Due to the fact that lycopene is the only accumulated precursor and the addition of additional copies of various lycopene cyclases cannot avoid this problem, the author speculates that excessive lycopene inhibits the activity of lycopene cyclases through substrate inhibition mechanisms (Fig. 1a). To verify this hypothesis, the author conducted in vitro enzyme analysis to investigate the possible correlation between lycopene cyclase activity and lycopene concentration. The results showed that there was a biphasic relationship between the activity of lycopene cyclase and lycopene concentration: the enzyme activity initially increased with the increase of lycopene concentration, but decreased when the lycopene reached a higher concentration (Fig.1d).

Fig.1 lycope cycle shows the substrate inhibition effect



2. Structurally guided protein engineering completely eliminates substrate inhibition

A computational model for the R domain (lycopene cyclase) of CarRP was established using the transform restricted Rosetta (TrRosetta) platform. In addition, evolutionary information is used to generate a location specific scoring matrix (PSSM) from multiple sequence alignments to predict enzyme regions that can eliminate substrate inhibition after mutations. Create single and double amino acid substitutions based on PSSM information and cluster to ensure maximum accumulation of tested mutants. Use PAM30 to calculate the distance between sequences and subdivide them, maximizing the information obtained through initial screening. Through this method, a set of candidate genes (50) were obtained, with mutations distributed throughout the entire enzyme (Fig.2a). In addition, this article tested the performance of each mutant β- Selective changes in carotenoids. As shown in Fig As shown in 2b-c, the Y27R, V175W, and T31R-F92W mutants significantly increased gene expression without affecting it β- The selectivity of carotene and the improvement of yield indicate a reduction in substrate inhibition. Among them, Y27R completely eliminated substrate inhibition without reducing enzyme activity (Fig.1d), ultimately producing 2.38 g/L β- Carotenoids (Fig. 2c) have a selectivity of 98% (wild type 18%, Fig. 2d).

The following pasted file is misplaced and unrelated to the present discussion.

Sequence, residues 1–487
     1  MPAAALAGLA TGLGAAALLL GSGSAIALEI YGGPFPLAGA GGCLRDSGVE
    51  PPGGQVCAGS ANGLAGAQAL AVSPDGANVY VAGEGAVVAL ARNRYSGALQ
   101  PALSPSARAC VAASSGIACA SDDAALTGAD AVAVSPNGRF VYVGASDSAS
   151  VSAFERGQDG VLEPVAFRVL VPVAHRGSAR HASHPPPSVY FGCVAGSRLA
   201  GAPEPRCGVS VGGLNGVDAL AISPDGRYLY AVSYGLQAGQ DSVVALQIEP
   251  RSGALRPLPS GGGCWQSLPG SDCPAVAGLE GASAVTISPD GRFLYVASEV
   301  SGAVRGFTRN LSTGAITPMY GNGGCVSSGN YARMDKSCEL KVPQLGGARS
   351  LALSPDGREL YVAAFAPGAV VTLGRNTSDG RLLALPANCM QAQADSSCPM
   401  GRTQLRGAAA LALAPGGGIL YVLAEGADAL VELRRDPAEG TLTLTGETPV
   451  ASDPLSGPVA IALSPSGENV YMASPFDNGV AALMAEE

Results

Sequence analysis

Subsequently, this study investigated the presence of mutant Y27R at a relatively high rate of precursor/substrate formation β- Can the carotene pathway maintain its characteristic of minimal substrate inhibition. Therefore, in expressing Y27R β- Four key enzymes involved in the methylvalproic acid (MVA) pathway are overexpressed in the carotene producing strain YLMA 11: tHMGR, ERG12, IDI, and ERG20. The results showed that while maintaining a high selectivity of 97.8%, β- The titer of carotene was increased to 3.43 g/L (Fig. 2e). In addition, after introducing the synthetic isoprenol utilization pathway (IUP) – overexpression of choline kinase (CK) and isopentenyl phosphate kinase (IPK), β- The yield of carotene increased by 23% (4.22 g/L) without any loss of selectivity (YLMA15, Fig. 2e). These results indicate that the recombinant non-substrate inhibition pathway is effective in high isoprene flux strains and is not affected by intracellular precursor/substrate levels.


Fig. 2 Abolishment of substrate inhibition through process engineering


3. GGPPS metabolic flow limiter manages substrate inhibition of lycopene cyclase